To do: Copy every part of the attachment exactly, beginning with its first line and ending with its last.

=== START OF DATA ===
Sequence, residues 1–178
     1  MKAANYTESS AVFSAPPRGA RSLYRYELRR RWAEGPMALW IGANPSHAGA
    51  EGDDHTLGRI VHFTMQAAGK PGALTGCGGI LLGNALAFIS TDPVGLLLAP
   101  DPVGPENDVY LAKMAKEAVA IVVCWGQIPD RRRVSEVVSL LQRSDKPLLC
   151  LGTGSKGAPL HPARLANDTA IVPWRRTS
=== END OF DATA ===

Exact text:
Sequence, residues 1–178
     1  MKAANYTESS AVFSAPPRGA RSLYRYELRR RWAEGPMALW IGANPSHAGA
    51  EGDDHTLGRI VHFTMQAAGK PGALTGCGGI LLGNALAFIS TDPVGLLLAP
   101  DPVGPENDVY LAKMAKEAVA IVVCWGQIPD RRRVSEVVSL LQRSDKPLLC
   151  LGTGSKGAPL HPARLANDTA IVPWRRTS